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I am not an expert in this area but from what I understand it is a somewhat non-directed process. I.e. progenitor cells move to the area of lesion and start differentiating depending on the signal molecules present. I imagine it more of a patch that eventually can take over some of the lost functions but it is not a perfect rebuild of the initial state. I.e. you will see that the tissue is distinctly different from before the lesion.

Right. Thanks.

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An axon can regrow or be repaired if the cell body is still intact but only in the peripheral nervous system.

In the central nervous system (brain+spinal cord) axonregeneration is very unlikely.

I suppose only stem cells can regrow a cell body.

 

In the central nervous system (CNS) there is a chemical/physical bad environment for axonregeneration.

CNS neurons do not upregulate growth-associated genes to the same extent as do PNS neurons. Consequently, their ability to regenerate axons is limited even in the absence of the 'bad environment'.

https://www.ncbi.nlm.nih.gov/pmc/articles/PMC2846285/

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An axon can regrow or be repaired if the cell body is still intact but only in the peripheral nervous system.

In the central nervous system (brain+spinal cord) axonregeneration is very unlikely.

I suppose only stem cells can regrow a cell body.

 

In the central nervous system (CNS) there is a chemical/physical bad environment for axonregeneration.

CNS neurons do not upregulate growth-associated genes to the same extent as do PNS neurons. Consequently, their ability to regenerate axons is limited even in the absence of the 'bad environment'.

https://www.ncbi.nlm.nih.gov/pmc/articles/PMC2846285/

 

It might also be interesting, OP, to look up Wallers' degeneration

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Thanks for the replies everyone.

 

This discussion is very hopelessness inducing and depressing for me. I have suffered concussion plenty of times. I am 31 years old now too. So basically there is no way for me(my brain) to regrow/repair them?

 

Some stroke sufferers on the internet claim that they have made remarkable recovery by eating a healthy diet. Some say the paleo diet mixed with plenty of fresh, organic veggies and milk from grass-fed cows helps a lot. I know stroke and concussion are completely different things, but I wonder if us humans can induce neurogenesis simply by eating healthy?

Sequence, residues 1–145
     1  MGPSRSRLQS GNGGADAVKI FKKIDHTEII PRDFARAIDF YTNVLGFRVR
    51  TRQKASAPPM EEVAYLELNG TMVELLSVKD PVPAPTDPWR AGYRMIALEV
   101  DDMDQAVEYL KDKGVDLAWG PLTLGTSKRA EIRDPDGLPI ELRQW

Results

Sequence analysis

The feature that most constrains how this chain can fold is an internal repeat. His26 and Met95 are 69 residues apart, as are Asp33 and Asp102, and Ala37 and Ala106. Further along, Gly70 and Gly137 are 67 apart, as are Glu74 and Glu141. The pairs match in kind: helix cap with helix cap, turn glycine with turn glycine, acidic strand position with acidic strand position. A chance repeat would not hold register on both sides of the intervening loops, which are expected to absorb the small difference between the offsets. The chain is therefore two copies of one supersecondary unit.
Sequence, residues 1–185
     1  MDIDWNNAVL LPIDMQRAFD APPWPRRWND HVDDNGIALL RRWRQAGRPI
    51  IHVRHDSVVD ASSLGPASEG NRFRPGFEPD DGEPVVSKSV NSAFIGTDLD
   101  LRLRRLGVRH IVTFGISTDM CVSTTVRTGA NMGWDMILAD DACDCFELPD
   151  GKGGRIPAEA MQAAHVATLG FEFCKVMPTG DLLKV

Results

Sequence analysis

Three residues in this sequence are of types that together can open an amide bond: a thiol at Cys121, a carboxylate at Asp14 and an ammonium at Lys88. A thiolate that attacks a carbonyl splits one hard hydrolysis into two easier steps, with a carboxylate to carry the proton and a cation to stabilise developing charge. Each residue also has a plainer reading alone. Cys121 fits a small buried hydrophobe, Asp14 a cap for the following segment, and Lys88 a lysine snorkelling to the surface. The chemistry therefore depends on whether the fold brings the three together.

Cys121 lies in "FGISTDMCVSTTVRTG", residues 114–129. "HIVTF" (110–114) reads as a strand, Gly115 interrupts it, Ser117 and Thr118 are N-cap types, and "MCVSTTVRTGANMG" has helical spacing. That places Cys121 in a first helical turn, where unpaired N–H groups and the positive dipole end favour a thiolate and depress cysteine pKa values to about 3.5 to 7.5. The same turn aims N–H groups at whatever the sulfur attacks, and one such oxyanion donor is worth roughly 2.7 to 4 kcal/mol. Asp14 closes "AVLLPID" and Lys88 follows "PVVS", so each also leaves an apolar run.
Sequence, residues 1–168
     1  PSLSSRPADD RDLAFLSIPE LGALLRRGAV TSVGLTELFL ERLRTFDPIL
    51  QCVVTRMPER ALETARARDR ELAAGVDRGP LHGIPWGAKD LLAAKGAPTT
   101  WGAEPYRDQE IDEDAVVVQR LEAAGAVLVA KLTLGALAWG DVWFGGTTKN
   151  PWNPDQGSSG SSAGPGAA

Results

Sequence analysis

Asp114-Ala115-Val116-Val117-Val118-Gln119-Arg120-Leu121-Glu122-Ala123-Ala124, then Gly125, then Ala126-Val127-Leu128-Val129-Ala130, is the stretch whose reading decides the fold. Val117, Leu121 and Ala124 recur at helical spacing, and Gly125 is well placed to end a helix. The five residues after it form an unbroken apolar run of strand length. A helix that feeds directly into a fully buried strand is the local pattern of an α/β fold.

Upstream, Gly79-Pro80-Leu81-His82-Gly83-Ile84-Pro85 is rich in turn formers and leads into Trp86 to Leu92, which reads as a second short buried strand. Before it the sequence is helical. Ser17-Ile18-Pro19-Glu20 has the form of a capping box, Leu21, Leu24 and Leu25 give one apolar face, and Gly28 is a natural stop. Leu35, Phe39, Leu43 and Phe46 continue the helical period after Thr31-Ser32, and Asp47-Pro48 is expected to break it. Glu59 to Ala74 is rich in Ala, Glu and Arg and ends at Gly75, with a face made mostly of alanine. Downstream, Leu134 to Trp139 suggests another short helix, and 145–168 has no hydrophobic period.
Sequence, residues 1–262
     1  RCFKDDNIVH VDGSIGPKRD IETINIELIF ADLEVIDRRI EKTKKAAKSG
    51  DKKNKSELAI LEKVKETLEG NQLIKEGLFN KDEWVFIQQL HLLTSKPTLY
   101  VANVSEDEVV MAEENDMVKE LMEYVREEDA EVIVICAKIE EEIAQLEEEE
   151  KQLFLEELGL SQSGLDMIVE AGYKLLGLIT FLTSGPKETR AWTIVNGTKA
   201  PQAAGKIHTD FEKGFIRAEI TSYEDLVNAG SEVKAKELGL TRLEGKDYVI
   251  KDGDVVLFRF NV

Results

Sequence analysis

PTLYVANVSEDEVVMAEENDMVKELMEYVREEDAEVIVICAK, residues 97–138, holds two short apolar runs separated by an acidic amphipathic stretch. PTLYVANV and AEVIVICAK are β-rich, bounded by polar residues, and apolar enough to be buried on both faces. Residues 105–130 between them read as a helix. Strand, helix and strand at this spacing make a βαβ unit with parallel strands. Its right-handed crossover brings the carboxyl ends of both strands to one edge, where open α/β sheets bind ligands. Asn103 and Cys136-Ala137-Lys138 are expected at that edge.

There is limited potential for regeneration. However, there is some evidence that upon injury growth factors can, to some degree, stimulate neural progenitor cells.

 

Even in the cerebrum?

Edited by Omair

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!

Moderator Note

 

medical advice hidden. Please do not dispense advice.

 

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Thanks for the replies everyone.

 

This discussion is very hopelessness inducing and depressing for me.....

We are the wrong people to be asking. We discuss science, amongst other things, purely as an intellectual endeavour and we aren't equipped to dispense advice or even how to take your feelings into consideration when we express our knowledge and thoughts. You need someone conversant in head trauma to talk to you. If I were you, I would be looking for that kind of person.

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There is an increasing body of literature looking into the effects of concussion and strategies to help recovery. What I can say is that there are still a lot of open questions but degrees of recovery are possible, as plasticity is larger than expected. However, things you read in fora are going to be anecdotes where recovery may or may not be related to things someone did. What I would recommend is to go look for specialists that can help you with issues that you may have.

 

I have not found lit that indicates that a diet without further intervention would do anything, except perhaps being overall beneficial if you choose a healthy diet. Also there is evidence that e.g. alcohol consumption delays recovery, thought that is true for most injuries.

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I have been beaten up and bullied my entire life, as a result, I fear I have lost many neurons due to repeated head traumas.

 

I think there is a serious underlying issue here which merits further discussion. Can I respectfully ask the Mods to move this portion of the OP to the Lounge with the title: "What to do when being bullied?" which may appeal to the younger audience who may wish to contribute their thoughts and also give advice, Thanks